Visions of the Future: Dev Team Hints on Set 10!

Image result for dbz baba crystal ball

Hey everyone!

I know that set 9 has barely had time to learn to crawl yet, and there is still so much to talk about and explore with Legends; however, I got a chance to sit and talk with the head of the Dev TeamJoey DiCarlo – this past weekend at South Kai, and he drop a few hints for me to share with you all at what we can expect from set 10 dropping later this year!

So I thought what better time than the present to take a look at what will be coming down the pipeline and piece together what it could mean for the game moving forward!

Let’s dive into it, shall we!

Hint #1: The Time Period

This one should come down as little surprise I feel, given that we just came out of another movie/supplemental set, but set 10’s time line will pick up where the story last left off – starting at the 7 year gap after the defeat of Cell and ending at the Gohan vs Majin Dabura fight!

So what does this mean we will see in the set? Well likely:
– The Great Saiyaman arc
– The World Martial Arts Tournament arc
– The beginning of the Babidi arc

What we likely won’t see:
– Goku SSJ2
– Majin Vegeta
– Majin Buu

Hint #2: The World Martial Arts Championship Belt is a card!

That’s right folks! You too will soon be able to rep gold like The Champ himself very shortly in the game!

Not only is the belt in the game, but I’ve heard tell that it will likely be a non-Styled Attachment! Those looking to play cards like Unleashed in less promoted Styles, like Orange and Black, may soon get your wish if the belt is good enough!

As founder of the WMAT Format, which is played on the Dragonball Z OCTGN League, I know I’m personally excited to see what the Champ Belt will do (and may look into customizing or signing a few to give away for the official event if able)!

Hint #3: Number of MPs in the Set

Since set 10 will be a starter set of sorts (similar to Premium, Evolution & Awakening), we will be receiving a total of 8 full MP stacks as well as several single levels to help promote weaker MPs.

What could these full stacks entail? Well if I had to guess…:
– Gohan (as The Great Saiyaman)
– Videl
– Goten
– Kid Trunks
– Android 18 (as a Hero stack!)
– Majin Dabura
– Majin Spopovich
– Babidi

As far as the single MPs, my guess would likely be:
– Hercule (possibly a different level 1?)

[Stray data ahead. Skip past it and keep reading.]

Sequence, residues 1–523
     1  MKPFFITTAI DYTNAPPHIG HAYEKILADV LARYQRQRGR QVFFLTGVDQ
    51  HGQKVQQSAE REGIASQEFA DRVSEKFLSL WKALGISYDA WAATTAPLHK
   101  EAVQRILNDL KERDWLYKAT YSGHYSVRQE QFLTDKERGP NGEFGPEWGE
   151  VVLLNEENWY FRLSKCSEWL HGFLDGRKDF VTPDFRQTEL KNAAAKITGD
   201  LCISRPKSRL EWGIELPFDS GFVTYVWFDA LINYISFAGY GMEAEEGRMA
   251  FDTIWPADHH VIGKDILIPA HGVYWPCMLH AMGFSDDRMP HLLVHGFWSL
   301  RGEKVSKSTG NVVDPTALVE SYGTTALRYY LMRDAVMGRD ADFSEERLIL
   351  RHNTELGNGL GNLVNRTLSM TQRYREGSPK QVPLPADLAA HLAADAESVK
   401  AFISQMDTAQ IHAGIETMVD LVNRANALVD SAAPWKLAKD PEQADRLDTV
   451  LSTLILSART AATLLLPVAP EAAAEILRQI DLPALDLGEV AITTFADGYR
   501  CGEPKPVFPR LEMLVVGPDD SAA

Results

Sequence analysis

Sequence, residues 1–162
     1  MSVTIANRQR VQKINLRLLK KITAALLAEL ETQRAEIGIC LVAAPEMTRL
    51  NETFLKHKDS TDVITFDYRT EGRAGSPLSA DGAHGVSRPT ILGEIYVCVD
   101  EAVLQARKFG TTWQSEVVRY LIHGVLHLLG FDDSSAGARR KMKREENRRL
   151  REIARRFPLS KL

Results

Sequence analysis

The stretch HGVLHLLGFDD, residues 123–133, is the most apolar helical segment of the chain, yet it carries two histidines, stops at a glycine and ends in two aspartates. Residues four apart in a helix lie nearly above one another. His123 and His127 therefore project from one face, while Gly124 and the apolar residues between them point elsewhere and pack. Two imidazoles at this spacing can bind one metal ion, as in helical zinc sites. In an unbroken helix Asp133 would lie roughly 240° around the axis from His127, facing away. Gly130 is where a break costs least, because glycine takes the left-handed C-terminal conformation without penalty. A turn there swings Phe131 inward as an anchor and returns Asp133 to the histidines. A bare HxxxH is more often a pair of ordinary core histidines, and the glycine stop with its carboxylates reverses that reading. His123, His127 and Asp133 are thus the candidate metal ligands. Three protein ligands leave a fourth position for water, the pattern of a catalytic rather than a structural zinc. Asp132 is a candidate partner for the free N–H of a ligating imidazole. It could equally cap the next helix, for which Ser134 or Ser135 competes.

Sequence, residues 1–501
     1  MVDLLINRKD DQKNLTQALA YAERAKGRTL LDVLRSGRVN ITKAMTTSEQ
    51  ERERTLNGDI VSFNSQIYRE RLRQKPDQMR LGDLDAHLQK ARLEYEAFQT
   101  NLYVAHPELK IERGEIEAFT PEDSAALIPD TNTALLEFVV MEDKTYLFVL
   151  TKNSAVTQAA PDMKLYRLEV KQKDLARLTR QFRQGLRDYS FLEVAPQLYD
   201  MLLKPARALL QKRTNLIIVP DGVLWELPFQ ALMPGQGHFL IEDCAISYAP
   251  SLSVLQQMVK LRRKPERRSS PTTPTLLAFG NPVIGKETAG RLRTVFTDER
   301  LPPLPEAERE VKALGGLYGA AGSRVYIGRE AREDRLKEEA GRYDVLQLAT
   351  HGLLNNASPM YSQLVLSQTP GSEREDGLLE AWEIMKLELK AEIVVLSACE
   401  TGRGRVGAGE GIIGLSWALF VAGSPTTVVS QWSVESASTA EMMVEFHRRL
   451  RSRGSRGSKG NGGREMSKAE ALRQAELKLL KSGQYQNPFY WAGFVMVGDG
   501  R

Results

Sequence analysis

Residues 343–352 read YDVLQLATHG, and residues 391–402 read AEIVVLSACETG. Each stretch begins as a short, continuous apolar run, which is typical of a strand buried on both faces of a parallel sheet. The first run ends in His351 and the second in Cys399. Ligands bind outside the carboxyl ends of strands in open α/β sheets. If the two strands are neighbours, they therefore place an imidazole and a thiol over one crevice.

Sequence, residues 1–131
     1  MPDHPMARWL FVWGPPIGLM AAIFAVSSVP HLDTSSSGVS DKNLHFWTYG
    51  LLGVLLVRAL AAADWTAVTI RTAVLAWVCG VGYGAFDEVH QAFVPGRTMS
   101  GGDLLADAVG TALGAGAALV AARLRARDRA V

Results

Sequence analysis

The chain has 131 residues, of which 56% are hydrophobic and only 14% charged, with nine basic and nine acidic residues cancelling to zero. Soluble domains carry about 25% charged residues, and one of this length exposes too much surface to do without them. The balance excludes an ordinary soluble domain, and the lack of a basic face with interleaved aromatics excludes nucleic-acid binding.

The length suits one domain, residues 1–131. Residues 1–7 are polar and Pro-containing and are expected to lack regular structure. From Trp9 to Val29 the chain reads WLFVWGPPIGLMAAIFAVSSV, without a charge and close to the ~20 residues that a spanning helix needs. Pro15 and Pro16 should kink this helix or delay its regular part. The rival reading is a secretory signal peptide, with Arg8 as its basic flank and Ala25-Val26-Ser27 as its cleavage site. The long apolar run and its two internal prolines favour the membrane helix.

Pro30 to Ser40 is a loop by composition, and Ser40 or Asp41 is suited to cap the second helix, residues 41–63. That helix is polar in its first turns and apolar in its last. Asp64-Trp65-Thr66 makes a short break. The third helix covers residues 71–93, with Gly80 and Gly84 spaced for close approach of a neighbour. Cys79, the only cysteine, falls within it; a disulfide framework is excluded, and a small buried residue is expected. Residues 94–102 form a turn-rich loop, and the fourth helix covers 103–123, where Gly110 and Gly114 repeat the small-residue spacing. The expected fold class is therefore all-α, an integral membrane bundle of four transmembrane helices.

– Krillin
– Piccolo
– Vegeta (Hero Level) [possibly to help with the Evo stack?]

Allies for this set may turn out to be any of the following:
– The Announcer
– Chi-chi
– Bulma
– Marron (Krillin & A18’s Daughter)
– Supreme Kai
– Kibito
– Majin Yamu
– Majin Yakon
– Majin Pui Pui

Hint #4: Heritage Matters!

Our final hint for the set is a rather interesting one – that of “Heritage Matters”.

Now for those that played in the original ScoreZ days, you may remember cards with the text “Namekian Heritage Only” or “Saiyan Heritage Only” dictating that only MPs of that particular heritage could use those cards.

Likewise, those who played the “Re-Z” brand of the game may recall that each MP and Ally in the game came keyworded with a particular heritage (called traits in the game): Human, Saiyan, Alien or Namek.

Could this be a similar mechanic that checks to see which sort of trait/heritage your personality has? Certainly we already have guidelines on “Heritage” of sorts thanks to the MPs that are allowed to use the Saiyan and Namekian Masteries.

What exactly will this mean for the game moving forward? Only time will tell!

Gaze into My Crystal Ball…

And that’s all she wrote for this one!

I hope seeing a few of these hints has gotten you excited about what may be in store for us in the future! I know I’m personally excited to see a few of these things see the light of day, should I be correct on some of the speculation presented above.

But until we get closer to the end of the year, all we’re left with is our crazy thoughts and hopes to keep us guessing on what might be.

Please don’t forget to check out the TC101 article for this week and vote on your favorite deck idea that you want to see broken down and discussed!

Likewise, please make sure to check out the KMDcast YouTube channel if you haven’t already. Matt Coombs, Wayne “Dakid” Bettis & myself drop some DBZ knowledge each week on the latest events, happenings in the meta, etc. It’s a lot of fun, and we want to hear more feedback from the audience on what they’d like to hear from us moving forward!

Until next time, FanZ Warriors!

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Theory-crafting 101: I Have to Protect My Image!

Hey everyone!

Today’s TC101 list looks to me like it could be a real sleeper powerhouse in the meta! I’ve always wanted to make Nappa a thing since his release, and as more and more tools came out to try and buff him, I think he’s finally almost made it!

Let’s take a look at what we have and see where it can take us:

The List

MP Levels and Mastery:
1 – Nappa, Rested
2 – Nappa, Supportive
3 – Nappa, Overconfident